You say that the second-best time to negotiate would have been after Russia withdrew its forces from the suburbs of Kiev. Again, you forget that Ukraine continued to call for negotiations throughout the summer, months after Russian troops were forced to pull back. Even after the horrors of Bucha. Even after Ukrainian POWs were given “safe passage” before being tortured and murdered.
It was the Russian side which refused to negotiate at this point as they focussed on holding annexation referendums in occupied territories. Even though the stated goals of the “Special Military Operation” never had anything to do with Kherson or Zaporizhzhia, they eventually held the referendums and annexed them anyway.
150,000 Russian soldiers did not invade Ukraine to negotiate!
You say the third-best time to negotiate would be now. I can see why you would want that, but you’re not a party to the negotiations. Russia and Ukraine are. And why would Ukraine negotiate now?
As I said from the outset, what Ukraine needs is long term security. Not words on a piece of paper. Actual security. If they don’t get it, the lives they “save” now will be lost double when Russia inevitably invades again. And, yes, I’m sorry, long term security for Ukraine means NATO membership which Putin would not agree to as things stand.
And so we are where we are.
Ukraine has the initiative. They’re taking back territory. Russia’s mobilisation efforts are stalling. Putin is busily reshuffling his deck of corrupt and incompetent generals. They know Putin won’t use a nuke over Kharkhiv and Kherson - it would be suicidal for him and for Russia. It makes perfect sense for Ukraine to continue its efforts to re-take more territory before the Indian summer ends and the fields of Kherson turn to impassable mud.
The only way to get Ukraine to negotiate right now is to pull all Western support and let them get slaughtered.
When the war first broke out, I had a conversation with a minister in the British Government who told me that Kiev was about to fall. Frantically, I called anyone I could in the area to warn them to leave. One phone call, then another, five more, ten more. The reaction was always the same “I see, thank you for telling me but I can’t leave”. I begged, I cursed, I threatened, I offered to help. Nothing.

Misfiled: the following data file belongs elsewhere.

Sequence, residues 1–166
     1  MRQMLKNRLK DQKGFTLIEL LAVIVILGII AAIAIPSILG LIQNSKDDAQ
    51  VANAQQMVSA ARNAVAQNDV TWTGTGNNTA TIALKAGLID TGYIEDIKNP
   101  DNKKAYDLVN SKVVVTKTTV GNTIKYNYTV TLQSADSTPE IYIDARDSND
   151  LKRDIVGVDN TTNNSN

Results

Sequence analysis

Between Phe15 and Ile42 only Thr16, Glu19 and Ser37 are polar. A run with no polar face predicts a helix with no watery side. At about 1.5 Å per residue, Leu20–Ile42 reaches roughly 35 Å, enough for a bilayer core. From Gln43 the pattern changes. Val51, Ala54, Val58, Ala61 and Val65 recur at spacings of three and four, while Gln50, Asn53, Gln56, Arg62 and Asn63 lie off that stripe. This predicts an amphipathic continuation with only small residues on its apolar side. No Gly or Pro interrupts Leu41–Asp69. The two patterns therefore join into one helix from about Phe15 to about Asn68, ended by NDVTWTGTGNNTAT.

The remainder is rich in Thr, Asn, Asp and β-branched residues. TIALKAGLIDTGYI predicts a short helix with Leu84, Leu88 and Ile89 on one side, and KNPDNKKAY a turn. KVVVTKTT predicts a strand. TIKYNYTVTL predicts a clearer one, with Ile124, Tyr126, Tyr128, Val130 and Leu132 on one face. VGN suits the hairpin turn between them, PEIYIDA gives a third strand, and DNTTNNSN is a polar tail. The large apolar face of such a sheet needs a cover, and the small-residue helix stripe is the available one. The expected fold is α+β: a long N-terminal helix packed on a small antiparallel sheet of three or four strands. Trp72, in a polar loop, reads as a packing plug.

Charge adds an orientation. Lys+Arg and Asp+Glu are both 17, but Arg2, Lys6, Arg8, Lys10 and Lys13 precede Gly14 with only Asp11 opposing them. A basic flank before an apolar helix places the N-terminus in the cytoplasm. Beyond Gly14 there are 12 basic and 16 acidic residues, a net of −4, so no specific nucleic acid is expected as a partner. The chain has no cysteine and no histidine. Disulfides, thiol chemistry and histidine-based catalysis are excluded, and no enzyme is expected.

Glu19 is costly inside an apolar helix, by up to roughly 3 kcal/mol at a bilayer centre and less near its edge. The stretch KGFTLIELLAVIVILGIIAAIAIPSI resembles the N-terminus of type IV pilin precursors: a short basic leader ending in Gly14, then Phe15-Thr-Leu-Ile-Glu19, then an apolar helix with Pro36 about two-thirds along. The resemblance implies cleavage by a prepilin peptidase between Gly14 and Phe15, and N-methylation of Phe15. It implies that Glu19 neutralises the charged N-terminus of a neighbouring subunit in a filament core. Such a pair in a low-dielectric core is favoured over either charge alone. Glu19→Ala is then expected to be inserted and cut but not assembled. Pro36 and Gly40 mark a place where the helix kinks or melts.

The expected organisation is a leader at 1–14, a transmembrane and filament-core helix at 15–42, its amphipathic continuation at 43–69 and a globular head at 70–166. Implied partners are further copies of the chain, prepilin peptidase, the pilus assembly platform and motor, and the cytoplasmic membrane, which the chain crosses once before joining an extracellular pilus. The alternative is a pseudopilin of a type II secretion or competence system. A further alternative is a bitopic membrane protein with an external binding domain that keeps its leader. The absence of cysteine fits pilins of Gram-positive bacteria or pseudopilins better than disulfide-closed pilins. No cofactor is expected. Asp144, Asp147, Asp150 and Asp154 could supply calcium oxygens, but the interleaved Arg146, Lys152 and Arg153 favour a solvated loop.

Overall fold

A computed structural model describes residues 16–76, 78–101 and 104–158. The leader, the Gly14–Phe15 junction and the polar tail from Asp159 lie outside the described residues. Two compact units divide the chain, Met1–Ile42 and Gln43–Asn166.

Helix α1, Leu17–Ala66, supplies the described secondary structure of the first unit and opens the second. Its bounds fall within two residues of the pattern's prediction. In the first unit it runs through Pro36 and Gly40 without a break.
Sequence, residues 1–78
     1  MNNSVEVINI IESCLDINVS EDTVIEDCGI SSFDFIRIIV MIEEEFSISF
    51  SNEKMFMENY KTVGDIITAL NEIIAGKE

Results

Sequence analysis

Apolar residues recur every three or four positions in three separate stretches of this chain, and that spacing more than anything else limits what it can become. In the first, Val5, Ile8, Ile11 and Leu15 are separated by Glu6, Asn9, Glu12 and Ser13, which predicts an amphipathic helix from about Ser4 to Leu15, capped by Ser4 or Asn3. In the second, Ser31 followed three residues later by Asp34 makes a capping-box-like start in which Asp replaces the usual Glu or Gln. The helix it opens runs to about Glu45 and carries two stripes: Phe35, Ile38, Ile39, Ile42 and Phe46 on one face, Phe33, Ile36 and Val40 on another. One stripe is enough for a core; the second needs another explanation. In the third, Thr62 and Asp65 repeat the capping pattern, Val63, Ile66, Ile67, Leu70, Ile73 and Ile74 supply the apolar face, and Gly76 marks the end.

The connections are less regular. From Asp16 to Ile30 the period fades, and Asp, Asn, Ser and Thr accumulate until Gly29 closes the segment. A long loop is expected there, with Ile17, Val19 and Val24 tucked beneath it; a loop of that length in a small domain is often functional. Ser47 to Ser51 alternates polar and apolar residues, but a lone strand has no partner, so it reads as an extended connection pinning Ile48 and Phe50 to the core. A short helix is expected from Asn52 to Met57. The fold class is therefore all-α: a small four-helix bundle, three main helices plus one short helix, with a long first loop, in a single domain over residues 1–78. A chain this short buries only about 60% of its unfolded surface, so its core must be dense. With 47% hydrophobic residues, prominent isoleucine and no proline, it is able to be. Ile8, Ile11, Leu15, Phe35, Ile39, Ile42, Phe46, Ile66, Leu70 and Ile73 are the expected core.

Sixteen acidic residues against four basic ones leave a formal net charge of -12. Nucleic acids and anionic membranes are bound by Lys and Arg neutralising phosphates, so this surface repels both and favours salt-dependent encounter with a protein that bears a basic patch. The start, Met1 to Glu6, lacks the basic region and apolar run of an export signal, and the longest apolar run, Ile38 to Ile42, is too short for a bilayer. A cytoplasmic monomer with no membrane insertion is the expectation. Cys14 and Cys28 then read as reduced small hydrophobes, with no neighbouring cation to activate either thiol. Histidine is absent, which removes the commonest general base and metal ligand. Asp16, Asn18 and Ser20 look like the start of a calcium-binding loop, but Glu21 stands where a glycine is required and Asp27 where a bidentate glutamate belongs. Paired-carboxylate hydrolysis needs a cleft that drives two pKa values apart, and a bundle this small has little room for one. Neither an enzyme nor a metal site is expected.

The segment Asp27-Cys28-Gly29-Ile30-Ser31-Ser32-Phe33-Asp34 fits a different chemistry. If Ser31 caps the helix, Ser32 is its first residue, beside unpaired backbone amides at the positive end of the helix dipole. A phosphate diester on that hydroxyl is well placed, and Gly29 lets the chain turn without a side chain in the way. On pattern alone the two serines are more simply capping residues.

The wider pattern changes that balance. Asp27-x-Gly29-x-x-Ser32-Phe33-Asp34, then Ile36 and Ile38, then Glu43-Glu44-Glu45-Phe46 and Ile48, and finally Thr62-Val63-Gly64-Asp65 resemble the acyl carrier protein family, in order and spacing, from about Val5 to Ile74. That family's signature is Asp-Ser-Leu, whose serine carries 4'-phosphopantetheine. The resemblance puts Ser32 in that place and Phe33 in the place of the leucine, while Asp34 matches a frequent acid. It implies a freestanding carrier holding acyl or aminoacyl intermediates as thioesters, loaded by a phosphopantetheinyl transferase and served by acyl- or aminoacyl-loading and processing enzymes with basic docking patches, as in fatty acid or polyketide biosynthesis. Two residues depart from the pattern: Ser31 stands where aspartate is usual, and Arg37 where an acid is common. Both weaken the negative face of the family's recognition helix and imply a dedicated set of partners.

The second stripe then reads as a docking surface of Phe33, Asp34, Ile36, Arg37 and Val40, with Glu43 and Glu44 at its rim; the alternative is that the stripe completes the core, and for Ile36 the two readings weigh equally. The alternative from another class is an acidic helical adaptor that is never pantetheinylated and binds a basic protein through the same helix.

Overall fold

Eventually, I got through to a friend of a friend, an easy-going well-fed IT consultant in his late 40s who would occassionally pick me up at the airport when I came to visit. I ran the same old script: “Kiev is going to fall, they’re going to use thermobaric bombs, think of your kids”. He interrupted me: “Kostya, stop. Now you listen to me”.
“In 2014, they caught us blind and distracted. But we are not the people we were 8 years ago. This is OUR land. This is OUR country. WE WILL FIGHT. And if you ever call me again with this shit, our friendship is over.
Give my love to your wife.”
In the time that passed between your last article and this one, Vladimir Putin explained in the clearest possible terms what his actual objectives are: to dismantle the West’s hegemony.
It is in our strategic interest to prevent this from happening, not only because the impact on our standard of living will be infinitely worse than the energy crisis of our own making, but also because Vladimir Putin’s dream of a “multipolar world” offers nothing more than suffering and bloodshed to humanity.
I don’t want to argue the merits of the current world order with you. It is imperfect, flawed, unfair, oppressive and whatever else you want to call it.
But human beings evolved to live in hierarchy and a multipolar world is an inherently unstable construction. The end of one unipolarity marks nothing more than the beginning of the search for the next one. It is to be resisted for that reason alone.